2014 Cookie Rally Guide
2013 Cookie Rally Guide. A publication of Girl Scouts of Wisconsin Southeast.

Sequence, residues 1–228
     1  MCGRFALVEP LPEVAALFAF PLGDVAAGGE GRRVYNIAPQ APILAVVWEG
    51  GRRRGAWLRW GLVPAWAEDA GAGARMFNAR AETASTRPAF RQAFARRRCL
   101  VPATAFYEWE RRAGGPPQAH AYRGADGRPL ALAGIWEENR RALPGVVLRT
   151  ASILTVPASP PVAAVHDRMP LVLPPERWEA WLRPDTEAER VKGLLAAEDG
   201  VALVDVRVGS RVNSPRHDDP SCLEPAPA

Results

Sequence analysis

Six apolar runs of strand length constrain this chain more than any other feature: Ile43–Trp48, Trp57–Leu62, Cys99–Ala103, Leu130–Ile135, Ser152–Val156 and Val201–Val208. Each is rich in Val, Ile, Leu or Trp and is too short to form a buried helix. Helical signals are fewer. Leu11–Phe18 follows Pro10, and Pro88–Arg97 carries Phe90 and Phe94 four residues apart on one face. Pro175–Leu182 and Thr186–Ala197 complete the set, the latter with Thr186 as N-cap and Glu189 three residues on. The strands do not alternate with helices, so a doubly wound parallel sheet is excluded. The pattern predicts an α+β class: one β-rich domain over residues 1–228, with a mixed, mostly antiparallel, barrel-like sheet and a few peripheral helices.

2014 Table of Contents Planning Guide ...........................................................2-6 Fillable Planning Tools ..............................................7-9 Badges ............................................................................10 Possible Activities .................................................. 11-17 Parent Meeting Information ............................... 18-19 Cookie Rally Forms ............................................... 20-21 In this packet, you will ﬁnd a wide range of resources designed to make planning your cookie rally as simple as can be. This year we have added a new resource to help you plan a Parent Cookie Education Meeting during your rally. We hope this resource helps you to plan a parent meeting to improve communication between girls, leaders and parents during the sale. However, there are some important items that are not included in the rally materials. Additional items to keep in mind: • Cookies- for girls to sample at a Cookie Rally (see page 20 to order) • Recognition items that girls can earn during the sale- loaner sets available by request (see page 20) • Rally patches- to be picked up at your nearest Service Center (see page 20 to order) • Additional activity insurance, to cover any non-Girl Scouts who may be present at the rally- the form can be found at www.gswise.org If you have any questions or comments, call 800-565-4475 Planning Guide What is a Rally? A rally is a kickoff event to showcase a Girl Scout program. Rallies are designed to help girls learn about and get excited for upcoming programs, such as the Girl Scout Cookie Program Activity. Rallies are a great time to share important information, teach new skills and have fun! Rallies include hands-on activities for girls and may include a special component for adults who attend. For example, while girls are doing activities, parents could meet in a separate room to discuss questions they may have about the Cookie Program Activity. Maybe you’d like to invite enthusiastic parents whose Girl Scout(s) had success last year to present during this time. Where to Have Your Rally? When selecting a location, consider the activities you want to do and the number of girls who may be attending. Also consider parking, accessibility, comfort and cost. Locations like school cafeterias, gyms, community centers and libraries may be a good ﬁt. Who to Invite to Your Rally? Girl Scout troops in your service area; leaders or volunteers to help supervise stations; parents to get involved with their daughter and the program; and older Girl Scouts who may not want to participate in activities but rather lead sessions and games. Remind event participants that the rally is designed to energize Girl Scouts. Tag-alongs (young children who are outside of the target age-range for the event) can distract from the activities and from the girls’ experience at the cookie rally, so it is best if tag-alongs can stay at home or with a babysitter. Why Have a Cookie Rally? • To provide a fun event for girls to experience a preview the of upcoming Girl Scout cookie program activities. • • • To teach girls the value of our Cookie Program Activity. To build skills that will help girls be successful for the rest of their lives. To generate enthusiasm and support for the Cookie Program Activity among adults and girls alike! When to Have Your Rally? • Choose a date that works best for you and your area. Most cookie rallies will take place during December, before the cookie program activity begins. You can have your rally earlier than that, if it works for your area. When selecting your cookie rally date, try to keep in mind: • • • The date girls can begin taking cookie orders: January 1, 2014. Dates of other service area and council events Dates of community events that may conﬂict (high school basketball games, holiday events, etc.). The length of your event will vary depending on the number of activities you choose to include clude and the number of girls you predict will attend. An hour and a half is a time frame me that works well for many. 2 Planning Guide Below are some questions to help you brainstorm throughout your planning process. Many of the resources in the packet can help you answer these questions, too! What is our purpose? Why are we doing this event? What do we hope to accomplish? What should the event cost for participants? See Event Budget Worksheet. (See page 8) What is our theme or event name? You can use the recognition theme (Change the World) or put your own twist on it! List some ideas that would interest the group you are targeting. Feel free to ask your troop members or other girls for their ideas, too! How will we advertise? Newspaper, ﬂiers, emails, correspondence with service units, and troops. Contact your service area manager or membership manager if you would like help inviting others. Who will plan the rally? Leaders? Service team members? Girls? Committee? Who will help with stafﬁng? Parents? Service area members? Program aides to assist? Other volunteers? What supplies and equipment do we need? Program supplies, tables, chairs, ﬂags, etc... (see materials listed for each activity and supplies list on page 9) When should we have it? Morning, afternoon, evening? Saturday, Sunday, weekday? Is this a good time for volunteers? What conﬂicts might there be? Where should we have it? Will this location accommodate the number of girls we want to have? Will this location accommodate the activities we want to do? Is there a side room where parents could meet to discuss the Cookie Program Activity? Can we have food and beverages there? Is there a fee for rental? Fee for custodian? What are we responsible for in the building? Is it handicap accessible? How will we be safe? How can we ensure we have an appropriate level First Aider/CPR, good crisis management plan and emergency contact info/health info for all participants? Check out Safety Activity Checkpoints and Volunteer Essentials on our website www.gswise.org for more info. How long will the event last? Consider time for: registration, how long each activity will take, will you include session rotations, transition time from one activity to the next, restroom breaks, etc. How will we evaluate our rally? What should our event include? Do we want to include one activity from each skill area? How can we keep it fun and age appropriate? Will we showcase the new recognition items for girls to see? How can we incorporate a parent meeting into our rally? (See pages 18-19) Evaluation forms for girl registrants? Adult registrants? Rally planning committee? Facilitators? 3 Tips and Tricks Odds and Ends: • Feel free to get feedback from Girl Scouts about what activities sound most appealing to them. Time Management Tips: • Load-in of supplies and set-up at the facility should start approximately 90 minutes before the event and should be completed at least 30 minutes before the event is scheduled to begin. • • • Utilize adults or program aides at each station during the event to help out. Don’t forget to double check Safety Activity Checkpoints for important safety guidelines. Cover the cost of your event. Complete the budgeting tool (found on page 8) and set the registration fee so that your service area/troop can break even, while keeping the cost manageable for girls. Money doesn’t always equal a better program, but at times it deﬁnitely does help! Contact your local resource center to reserve a cookie rally take out box containing table cloths, cookie costumes, banners ... Try to include one activity from each of the ﬁve skills areas. Keep age-level in mind. If most of your activities are geared for younger girls, invite older girls to help at a station. Aim to include a parent meeting during your cookie rally (see pages 18-19). • • • • • • • • • • Participants often start arriving approximately 30 minutes before the event is scheduled to begin. This is a good time to begin check-in, so the event can start on time. Have a smooth process for participants to check in so their ﬁrst impression is the best one possible! Determine your check-in process ahead of time and ask one or two people to run the process. As girls arrive, plan for a simple activity to be offered—such as songs or “icebreaker” games—while the participants wait for the event to begin. This is a great opportunity to use program aides to lead songs and ice breaker games! Allow 5 to 10 minutes at the beginning of the event for late check-in, opening activities such as a ﬂag ceremony and/or recitation of the Girl Scout Promise, introductions, and announcements. Divide girls into small groups and rotate them through the sessions: 15-20 minutes per station works well. If you’re using groups, be sure to decide how and when you will divide girls into groups—by age level, by troop, etc. You may want to build in some time for a bathroom break or transition time between activities/moving from one station to the next. Whenever possible, alternate hands-on activities with more stationary activities, such as presentations or craft projects. Allow 10 to 15 minutes at the end of the event for evaluations, ﬁnal announcements, thank-yous and closing activities such as a ﬂag ceremony or sharing of projects. Allow approximately 45 minutes for clean-up and load-out of supplies after the event. Ask girls to help clean up as they go to cut down on clean-up time after the event. You may also want to ask individuals to volunteer for speciﬁc clean-up responsibilities ahead of time in order to be efﬁcient. • • • • 4 Planning Timeline Below you will ﬁnd a suggested planning timeline and checklist to help make the process of planning your cookie rally a breeze! 8 to 10 Weeks Prior to the Event ❒ Form a committee to plan the event. Possible members can include: a chairperson, treasurer, event registrar (accepts registrations), media coordinator, program aides/older girls, event recruiter (recruits event volunteers). Decide the responsibilities of each person in the group. Select three possible dates that don’t interfere with religious or national holidays, community events, and activities that may impact participation, such as council-wide Girl Scout events. Will a rain/snow date be needed? Make a list of possible facilities/locations. Reserve a facility for chosen date. Plan the speciﬁc activities for the event. Will people with speciﬁc experience/skills or specialized training be needed? If the ﬁrst choice is not available, what is the secondary plan? Will there need to be special arrangements for girls with special needs? Can you incorporate a parent meeting? If so, who can lead that portion of the event? Plan a publicity strategy. How will this event be advertised? Will a ﬂier be needed? If so, who will design, print and distribute the ﬂier? Your membership manager can provide a ﬂier template if needed. Create a budget for the event — see pg. 20 for pricing. Schedule your next committee meeting and decide what needs to be accomplished between now and then. 4 to 5 Weeks Prior to the Event ❒ Review the event schedule and activities. Make a list of the materials that need to be purchased or borrowed. (supplies list template on page 9) Decide on how the facility will be set up—chairs, tables, decorations, food, ﬁrst aid station, parking. Brainstorm possible problems and implement changes. The is a great opportunity to involve any older girls or program aides to help run this event! Make a list of tasks that can be completed by volunteers. Recruit program aides, leaders and parents to volunteer during the event. If any non-registered participants will be at your event, you will need to purchase additional activity insurance. You can ﬁnd this form on our Web site at www.gswise.org If a signed contract is required by your location, submit it to the local service center for approval by the council. Conﬁrm the location reservation. Who will open and close the facility? Is special equipment available on-site or will it need to be rented? Check the event budget and make any needed changes. Schedule your next committee meeting and decide what needs to be accomplished between now and then. ❒ ❒ ❒ ❒ ❒ ❒ ❒ ❒ ❒ 6 to 7 Weeks Prior to the Event ❒ Obtain a Certiﬁcate of Liability Insurance for the site and service providers naming Girl Scouts of Wisconsin Southeast as additionally insured. Contact the council Finance Department to obtain a Certiﬁcate of Liability Insurance for the contracted business, if requested. Develop a crisis management plan. Plan for an emergency (such as a tornado, snow storm, ﬁre, etc.). How will participants be notiﬁed if the event is postponed? Who is responsible for bringing a ﬁrst aid kit to the event? Will additional ﬁrst aid supplies need to be purchased? What type of ﬁrst aid certiﬁcation is needed? Review Volunteer Essentials and safety activity check points on our website, www.gswise.org g g ❒ ❒ ❒ ❒ ❒ 5 Planning Timeline (continued) 2 to 3 Weeks Prior to the Event ❒ ❒ ❒ ❒ ❒ ❒ ❒ Conﬁrm that all committee members have begun to ﬁnalize their responsibilities. Collect registration forms (with emergency contact info) from all girls who plan to attend. Conﬁrm ﬁnal number of registrants. Make ﬁnal plans for event activities. Purchase any materials needed for event. Develop a comprehensive check-in procedure. Design an evaluation form for participants. Check the event budget and make any needed changes. Schedule your next committee meeting, if needed, and decide what needs to be accomplished between now and then. You should also schedule a wrap up meeting to go over evaluations, complete follow-up plans and celebrate a great event! Day of Event ❒ ❒ Buy any perishable supplies. Arrive early to set up for the event. Be prepared for some individuals who may arrive early to check-in. Review the crisis management plan with all event volunteers. If members of the press are expected, assign someone to greet and escort them so that questions can be quickly and easily answered and the best story can be presented to the public. Hand out check-in packets. Have fun! Take photos of the participants during the activities and email them to your membership managers so we can see the fun you’re all having! Thank the volunteers, resource people and/or speakers. ❒ ❒ ❒ ❒ 1 Week Prior to the Event ❒ ❒ ❒ Send out conﬁrmations to troops/leaders that have registered for event. Conﬁrm that all non-perishable materials needed for event have been purchased. Notify all committee members, event volunteers or program partners of the ﬁnal attendance numbers so that chairs can be set up correctly, supplies can be prepared, etc. Send out a press release for the event. Make a check-in packet for all leaders that are attending. Include a welcome letter, an agenda, site map (if needed), attendance sheet, troop and adult evaluations and a pencil. Make a plan to return borrowed take out box to your local Resource Center after your cookie rally. ❒ 1 to 2 Weeks After the Event ❒ Meet with the committee members to review the participants’ evaluations, evaluate the event and make recommendations for improving future events. Send thank-you notes to all donors, resource people and/or speakers, volunteers and facility staff. Pay all outstanding bills. Create a ﬁnal budget report and an event summary to ﬁle away for future reference. ❒ ❒ ❒ ❒ ❒ 6 Event Schedule Here are two possible schedule templates. The top one can be used for events where all participants complete the same activity at the same time. The bottom one can be used for events if girls will be rotating through stations. Name of event: Event date: Event location: Start time for check-in: Start time for event: Start time for load-in and set up: Event schedule: Start time for opening activities: Start time for activity 1: Start time for activity 2: Start time for activity 3: Start time for activity 4: Start time for activity 5: Start time for snack and break: Start time for closing activities: Time of parent meeting: Activity title: Activity title: Activity title: Activity title: Activity title: End time for event: End time for clean up and load-out: Name of event: Event date: Event location: Start time for check-in: Start time for event: Start time for load-in and set up: Time: Opening Activities Activity 1 Activity 2 Activity 3 Activity 4 Activity 5 Closing/ Evaluations ALL ALL Time: Time: Time: Time: Time: Group 1 Group 2 Group 3 Group 4 Group 5 Group 5 Group 1 Group 2 Group 3 Group 4 Group 4 Group 5 Group 1 Group 2 Group 3 Group 3 Group 4 Group 5 Group 1 Group 2 Group 2 Group 3 Group 4 Group 5 Group 1 Time of parent meeting: End time for event: End time for clean up and load-out: 7 Event Budget Tool Name of event Number of participants Number of event staff/volunteers Site: Rental Cleaning fee Keys Admission fees Other: $ $ $ $ $ TOTAL $ First Aid Supplies Insurance Transportation Equipment Rental Printing/Mailing: Fliers Schedules Conﬁrmations Site maps $ $ $ TOTAL $ $ $ $ $ $ $ $ $ TOTAL $ Food: Meals Snacks/drinks Other: Program Supplies: Crafts Patches Other: $ $ $ TOTAL $ Housekeeping: Soap Paper towels Toilet tissue Trash bags Plates/cups/utensils Napkins $ $ $ $ $ $ TOTAL $ Misc: Thank-you gifts Patches/pins/T-shirts Folders/paper Pencils, tape, etc. Name tags Other: $ $ $ $ $ $ TOTAL $ A. TOTAL Projected Cost $ B. Number of Paying Participants C. Projected Fee (A ÷ B) $ $ 8 Supplies List Item e.g., take out box Quantity One set Purchase, Borrow, Order, etc. Request from Resource Center Other notes about event set-up or materials: e.g., need power outlet in parent meeting room 9 Badges Completing activities for badges and awards can help girls gain valuable leadership skills. Throughout the activities section of this packet, you will see pictures of badges to show which activity aligns with a requirement from that badge. If girls complete badge work during your rally, try to send them home with a slip of paper indicating what requirements they have completed so they can ﬁnish the rest at home or with their troop. For more details on requirements for any badges or awards, please refer to the age level Girl’s Guide to Girl Scouting. Girl Scout Level Badge Name Count it Up Badge Requirements that could be met with activities from this packet: Step 1—Find out what cookies cost Step 2—Learn about the different kinds of cookies Step 3—Set a sales goal Talk it Up Step 2—How cookie money can help others Step 3—Inspire Others! Meet My Customers Step 1—Find out where your customers are Step 2—Talk to some customers Step 3—Practice handling money Step 4—Role play customer relations Step 5—Thank your customers! Give Back Step 5– Tell your customers how they helped Cookie CEO Step 1—Set a group goal Step 2—Explore how a business works Step 4—Learn to make a good impression Step 5—Track your sales Customer Insights Step 5—Listen for clues 10 Possible Activities Here is the part you’ve been waiting for! This section of the kit provides you possible activities you can include in your rally. Each activity listing includes suggested age-level, materials list and instructions. Please feel free to modify anything provided to suit the speciﬁc needs of your cookie rally. Please try to have at least one activity from each skill. Start-Up Activity Name Tags Materials: “Change the World” name tags (pre-printed and hole punched) Yarn (pre-cut) Dark markers Table space for girls to lean on while writing Materials: Instructions: When girls or troops check-in, you may want to have each girl make a simple nametag. Color-coding nametags ahead of time can help you divide girls into groups. For example, you could have 15 nametags with blue dots, 15 with brown dots and 15 with green dots—then you’d have three groups with 15 girls in each. You could also ask each Daisy to pick up a blue nametag, each Brownie to pick up a brown nametag and each Junior to pick up a green nametag. Instructions: When girls or troops checkin, you may want to have each girl make a simple nametag. Remember you can also ask program aides or volunteers to lead songs or icebreakers while you’re waiting for everyone to get checked-in. Business-Building Skills Goal Setting: Girl Scouts set cookie goals individually and with a team, then create a plan to reach these goals. They develop Cooperation and Team Building skills all along the way! Decision Making: Girl Scouts help decide how the team will spend their cookie money, furthering Critical Thinking and Problem Solving skills that will help in many aspects of life. Money Management: Girl Scouts take cookie orders, handle customers’ money and gain valuable and Practical Life Skills around ﬁnancial literacy. People Skills: Girl Scouts learn how to talk to, listen to and work with all kinds of people while selling cookies. These experiences help them to develop Healthy Relationships and Conﬂict Resolution skills they can use throughout their lives. Business Ethics: Girl Scouts are honest and responsible at every step of the cookie sale. Their business ethics reinforce the Positive Values they are developing as Girl Scouts. 11 Goal Setting Dress for Success Activity for these Girl Scout Levels: Go on a Cookie Walk Activity for these Girl Scout Levels: Goal Hanger Activity for these Girl Scout Levels: Requirements can be met for these badges: Requirements can be met for these badges: Requirements can be met for these badges: Materials: • One solid color T-shirt per girl (you could request that each girl bring one to the event • or include in the cost of the event) • Fabric markers • Cardboard to stick between the layers of the T-shirt so marker ink doesn’t bleed through Instructions: Have each girl decide on a cookie goal. This can be a number of boxes, the number of customers she’d like to reach—or better yet—an activity she’d like to do with her troop using their cookie proceeds. A good way to start is “I’m selling Girl Scout Cookies to...” Have each girl write her goal on her T-shirt and decorate it. She could also draw a picture of her favorite cookie or a picture that represents her goal. Words of Wisdom: “Dress for Success” is a great activity for girls to express themselves and show off their personality in their T-shirt design. Encourage them to personalize the T-shirt with their favorite colors, their handwriting or their favorite cookie. Materials: • Sheets of colored paper (rectangles, squares or circles all work just ﬁne) • Several printed sheets that say “Change the World” • Several printed sheets with pictures of cookies • Music player such as CD player or MP3 player with speakers • Outlet and power cord for your music device • Small prizes for girls who share great ideas (optional) Instructions: Tape colored pages, cookie pages and “Change the World” pages on the ﬂoor in a circle. Turn on some music and have girls walk around the circle. When the music stops, if a girl lands on “Change the World” she should share one of her cookie sale goals with the group and talk about why that goal is important to her. If she lands on a cookie, she can tell the group a fun fact about that cookie like what it is called or an ingredient from it. Words of Wisdom: Goals can be a number of boxes she’d like to sell, a number of customers she’d like to meet, a number of COCO cards to send or anything else she hopes to accomplish during the sale. Remember, Daisies may need to hear some sample goals before the activity starts so they have an idea to get them started. Materials: • Door hanger template (available on pg. 23) • Scissors • Markers (or any writing utensil) Instructions: Give each girl a door hanger to cut out and decorate. Each girl can write her ﬁrst name, troop number, and goal on it along with how to contact her to buy cookies. This is a great resource to leave on neighbors’ doors when they are not home. If you need to ﬁll more time, give girls blank sheets of paper to create their own door hanger designs! Words of Wisdom: This activity can be a great way to share your troop’s goals too! Make a troop poster and take a group photo! When posting about cookie sales on the internet, be sure to always follow council guidelines about web-based sales. 12 Goal Setting “Like” Social Media Style Activity for these Girl Scout Levels: Decision Making What Goes Around... Activity for these Girl Scout Levels: Four Corners Activity for these Girl Scout Levels: Requirements can be met for this badge: Requirements can be met for this badge: Requirements can be met for these badges: Materials: • Paper • Markers or crayons • Pens or pencils • Digital camera • Sign up sheet for emailing photo Instructions: In today’s society, communication with family and friends through social media is huge part of every day life. In this activity, girls will make a poster and personalize it. Their posters should display their cookie goal, what recognition they would like to earn, and say “ I want to Change the World by…” Have each girl hold their poster and have an adult or PA take their picture. Make sure to have an email address for each parent/girl so you can send their photo to them. When cookie sales kick off, girls (13 and older) or parents can post the picture on their favorite social media site for friends and family to see! Words of Wisdom: This activity can be a great way to share your troop’s goals too! Make a troop poster and take a group photo! When posting about cookie sales on the internet, be sure to always follow council guidelines about web-based sales. Materials: • None! Instructions: This game is played with a group sitting in a circle—volunteers too! The ﬁrst person gives the rest of the group a positive selling practice. For example, “I only go up to houses with lights on,” “I sold lots of cookies at my church,” etc. Keep going around the circle with each person sharing something that hasn’t already been said. Don’t stop when you get back to the ﬁrst person—see how many times you can go around. A person can pass their turn, but if others still have ideas keep going until the positive ideas run out. Activity for this Girl Scout Level: Materials: • Scenario note cards • Masking tape or an object to mark off each corner Instructions: This game is a great option for an ice breaker and a good way to practice active listening skills. During this activity, the station leader will use the scenario note cards, reading the scenario followed by four possible solutions. Point to each corner as the choice is read out loud. Once all the choices are read, each girl will indicate which option she thinks is best by walking to that corner. It’s great to discuss their answers, too. Instructions: Since younger girls might struggle with this, have them brainstorm people they might sell to. They can be speciﬁc with names of people they know, or generic such as “teachers.” Words of Wisdom: A way to extend this activity is to problem-solve speciﬁc struggles the girls have had. Maybe they tried a booth sale location that didn’t work out. See if girls can give ideas to each other to help overcome their struggles. 13 Decision Making COCO Craze Activity for these Girl Scout Levels: Money Management Dollar and Cents Activity for these Girl Scout Levels: Girl Scout Hearts Activity for these Girl Scout Levels: Materials: • Laptop • Projector • Power cord Instructions: COCO is the Cookie Command Center—a web tool that makes it easy for girls, parents and leaders to manage the sale and reach their goals. COCO allows girls to set and track goals, watch their recognitions pile up, create a business plan based on the ﬁve key skills, use electronic marketing tools and more! Show girls this awesome new resource by giving them a virtual tour of the COCO website. Show girls how they can cheer on their troop members and create their very own “executive summary.” COCO is a great tool to help each and every girl feel empowered to make her own choices and manage her own sales. Girls may begin sending COCO cards to potential customers on January 1, 2014, asking them to buy cookies. Words of Wisdom: Be sure to talk about the Girl Scout Internet Safety Pledge (which can be found on the GSUSA website) and remind them they should always work with a trusted adult when going online. If you’re working with older girls during this activity, you can invite some volunteers from the group to come up to the computer and practice using the various features of the COCO site. Requirements can be met for these badges: Requirements can be met for these badges: Materials: • Cookie boxes (you can use the boxes your sample cookies are in) • Play money Instructions: Have girls either break into pairs or work as small groups. Practice buying an item and making change. Ensure all girls have a turn playing the customer and the seller. Depending on the age level you may want to use different combinations of prices or monetary amounts. For older girls, do multiple items and ask them to add up the total and then make change for the amount that is given to them. Words of Wisdom: If girls are struggling, brainstorm some ways to improve, such as carrying a pocket calculator, creating a “cheat sheet” with cookie prices, etc. Materials: • Cookie boxes (you can use the boxes your sample cookies are in) • Play money Instructions: Have a conversation with girls about ways they can give back in their communities. What needs do they see that can be addressed? What are things that could be improved with their help? Not every idea needs to have a ﬁnancial component. Write all the ideas inside a heart on the poster board. Words of Wisdom: It is part of the Girl Scout way to help others in need and try to better the world around us. Sometimes girls only think about what they want out of their troop’s cookie proceeds. It’s great to remind them that they could use some of their proceeds to do a Take Action project or to earn an award. See what the girls come up with! 14 People Skills A “Riddle” Inspiration Activity for these Girl Scout Levels: First Impression Fashion Activity for these Girl Scout Levels: Tough Cookies Activity for these Girl Scout Levels: Requirements can be met for these badges: Requirements can be met for these badges: Requirements can be met for these badges: Materials: • Riddles • Inspirational phrases (large print) • Inspirational phrases cards (for each girl) Instructions: Read the riddles out loud and see if they can guess which riddle describes which cookie. After they’ve matched each cookie to it’s description, have them practice the inspired phrases they can use with customers to promote their product. Words of Wisdom: Have girls pair up and use this as a role playing opportunity as well. One girl being the customer and another giving her sales pitch. Submitted by: Troop 21, Janesville, IA Materials: • Girl Scout uniform/apparel • Cards for the announcer to describe what girls are wearing and why (optional) • Girl volunteers to act as models • A stage, or some kind of tape/carpet to designate one • Poster (optional—for do’s and don’ts list) • Markers (optional—for do’s and don’ts list) Instructions: Set up or designate a stage and runway for your “models.” Ask an older girl(s) or an adult to announce the outﬁts as they come down the run way. Have girl volunteers showcase outﬁts that would be appropriate to wear while selling cookies. These outﬁts could include nice jeans/pants and a Girl Scout shirt or a full Girl Scout uniform. Ask the “audience” for their input and compile a list of wardrobe do’s and don’ts. (Please keep in mind families that may be on a tighter budget). Words of Wisdom: This activity can be done with small groups or as a whole group activity at the beginning or end of your rally. The size of your service unit may dictate which is best. As you noticed in the materials list, this would be a great opportunity to bring in a Mobile Market (remember, you will need a volunteer to run this station) and offer clothing pieces and accessories families can buy that day to sell in. Submitted by: Marilyn Askelson Materials: • Mock booth sale (table, cash box, cookies, table cloth, posters, etc.) • Persons to role play customers Instructions: Have girls take turns as customers approaching the booth and as Girl Scouts behind the booth. Role play what to say as a “sales pitch” or hook to grab customers’ attention. Have girls demonstrate good cookie booth etiquette from polite language to a neat table to prompt customer service. Remind them that it is okay to say “Let me get my leader” if they don’t have an answer. Also let them know it is their cookie sale, so they should take charge as much as possible. For Daisies, you may want to pair them up with older girls or have older girls model correct behavior and have Daisies point out what is good about the older girls’ presentation. 15 Business Ethics Good Manners Activity for these Girl Scout Levels: Meet and Greet Activity for these Girl Scout Levels: Requirements can be met for these badges: Requirements can be met for these badges: Materials: • Card stock (1/4 of a sheet per girl) • Pencils/pens/markers Instructions: Thank you notes can help increase sales, bring a smile to someone’s face and are a good idea overall! Have girls practice what they might write. A good starting place is their ﬁrst name, and the customers order, this way it also acts as a receipt. They might want to include information about how to order more cookies or a sentence about what they plan to do with the proceeds their troop earns. Keep safety in mind—girls shouldn’t share their last name or personal al contact information. Materials: • An adult volunteer to role play with the girls • Optional: a mock door for girls to knock on to role play Instructions: It seems obvious, but have the girls practice going face-to-face and greet people at their homes! Nine out of ten consumers will buy Girl Scout Cookies if you just ask. Have an adult volunteer role-play with the girls what to do when a customer says no, what to do if a customer invites you inside , and don’t forget to go over your Girl Scout safety tips! 16 Girl Scout Cadettes, Seniors and Ambassadors: You can play a much larger role in cookie sales than you may think. You have already learned the ﬁve skills, so lets apply them creatively. Take some time to think about our theme for the year, Take Action—Make a Difference! No matter what path you choose after school—continuing your education or getting a job—you’ll ﬁnd that your cookie sales experience will put you a step ahead. Make a list of potential job requirements that you meet as a result of your experience selling cookies. For example, most employers look for people who are organized selfstarting and good at communicating. Use the space below to record ways you have demonstrated these abilities as part of the cookie sale. What can YOU do to change the world? 17 Parent Cookie Education Meeting Girl Scout parents play a key role in their daughter’s Cookie Program Activity success. It is imperative that the leaders, girls and parents have open communication during the Cookie Program Activity. Having a parent meeting at the cookie rally is a great way to start. A parent meeting is a great opportunity to share important information about the Cookie Program Activity. The meeting can be about 20 minutes, to share key points and answer questions. Here are a few ideas of what the meeting could look like. Materials/Set-up • • • • • • Small room or area separate from girls’ activities Sign-in sheet—be sure to capture parent name, girl name and troop number Slips of paper for prize drawing—must be present at end of meeting to win Tables and chairs, possibly set in a large circle or small groupings Samples of money envelopes, sale materials, cookie goal charts, if available Computer, projector, power cord and outlet, if available Outline for Meeting - (5 minutes) Show video 5 Skills for the Girl Scout Cookie Program, found at: http://www.youtube.com/watch?v=_rNJ-7FmR4E - (3 minutes) Present the ﬁve skills that girls are learning through the cookie sale. Be clear about what the ﬁve skills are—and why they matter. • Goal Setting: Girl Scouts set cookie goals individually and with a team, then create a plan to reach them. They develop Cooperation and Team Building skills all along the way! • Decision Making: Girl Scouts help decide how the team will spend their cookie money, furthering Critical Thinking and Problem Solving skills that will help in many aspects of life. • Money Management: Girl Scouts take cookie orders, handle customers’ money and gain valuable and Practical Life Skills around ﬁnancial literacy. • People Skills: Girl Scouts learn how to talk to, listen to and work with all kinds of people while selling cookies. These experiences help them to develop Healthy Relationships and Conﬂict Resolution skills they can use throughout their lives. • Business Ethics: Girl Scouts are honest and responsible at every step of the cookie sale. Their business ethics reinforce the Positive Values they are developing as Girl Scouts. - (5 minutes) Have a conversation about what troops may be planning to do with their cookie proceeds. Talking about these possibilities can help p excite parents p about what their daughters will accomplish. Some examples: • • • • • Pay for next year’s membership dues Purchase badges and awards Plan a trip Attend events, camp, etc. Complete a Take Action project 18 Parent Cookie Education Meeting - (5 minutes) Present COCO Web site • COCO is the Cookie Command Center, that lets girls set and track goals, cheer on their troop members, create a business plan, and customize an “executive summary” • COCO also allows troop leaders to track troop sales and communicate with families electronically • Demonstrate how to set goals on COCO • Demonstrate how to send out COCO cards - (5 minutes) Discuss expectations for the parents, girls and leaders. If you have parents and leaders from many troops, you may need to speak about general expectations. If you are able to, the group could break into small groups by troop to discuss speciﬁc plans. • Inventory management—how will your troop manage inventory? • • • • Communication weekly—send emails, text or call about inventory. The goal is to manage inventory down to zero to maximize troop proceeds potential. Turn in money when picking up more cookies from troop leader. Exchange for another variety instead of adding to your inventory whenever possible. Key Dates of the 2014 Cookie Program Activity: COCO e-cards begin Order taking begins Girls sell cookie directly Cookie booth sales begin 1st Troop ACH payment Cookie sale recognition period ends January 1 January 1 Janaury 26 January 26 February 15 March 11 • Thank parents for their involvement and save time to answer any additional questions at the end. Remember, if you do not know the answer you can tell them you will ﬁnd out the answer and get back to them. For more information on holding a parent meeting during your rally or at a troop meeting, contact cookies. Additional Resources: ABC Bakers Web site: www.ABCSmartCookies.com • Includes a wide range of information about cookie sales and products • Features COCO, a new portal to help leaders and girls communicate and track their goals Girl Scouts of the USA Cookies Web site: www.GirlScoutCookies.org Girl Scouts of Wisconsin Southeast Web site: www.gswise.org 19 Cookie Rally Order Form Form must be completed and returned to the council at least 3 weeks prior to the rally. Please ﬁll out all ﬁelds to the best of your ability. Thank you! Cookie Rally organizer: Phone: Rally date and time: Rally location (name and address): Email: Service Area#: Following numbers will be used to order patches and sample cookies to share during your rally. Approx. # of girls attending: Approx. # of adults/volunteers attending: Cookie order: $1 per package, order must be in full cases (12 packages = 1 case) Caramel deLites Thin Mints Shortbread Cranberry Citrus Crisp Penut Butter Sandwich Thanks-A-Lot Penut Butter Patties Lemonades Service Center at which I would like to pick up cookie rally patches: (You will receive a call when you can pick up) Will you be holding a Parent Meeting during your cookie rally? ❒ Yes ❒ No Name of person conducting Cookie training for troops: Date of training: Do you want to reserve the cookie rally take out box? ❒ Yes ❒ No Service Center at which I would like to pick up the cookie rally take out box? Pick up date: Return date: Send form to: Girl Scouts of Wisconsin Southeast 131 S 69th Street Milwaukee, WI 53214 Fax: 414-476-5958 Email: firstname.lastname@example.org (Subject: Cookie Rally) 20 2014 Rally Evaluation Thank you for hosting a rally! We want to make next year’s kit even better and with your feedback, we can! Cookie Rally organizer: Address: Phone: Email: City: Service Area#: State: Zip: Number of girls in attendance at the Cookie Rally ❒ Yes ❒ No 1. Were the suggested activities suitable for the grades speciﬁed? If no, why? 2. What was the most helpful feature/section of the Rally Packet? Why? 3. What was the least helpful feature/section of the Rally Packet? Why? 4. Were the packets distributed at an appropriate time? If no, why? ❒ Yes ❒ No Additional suggestions for improvement: Did you use any activities that weren’t provided in this packet? Share them with us! 21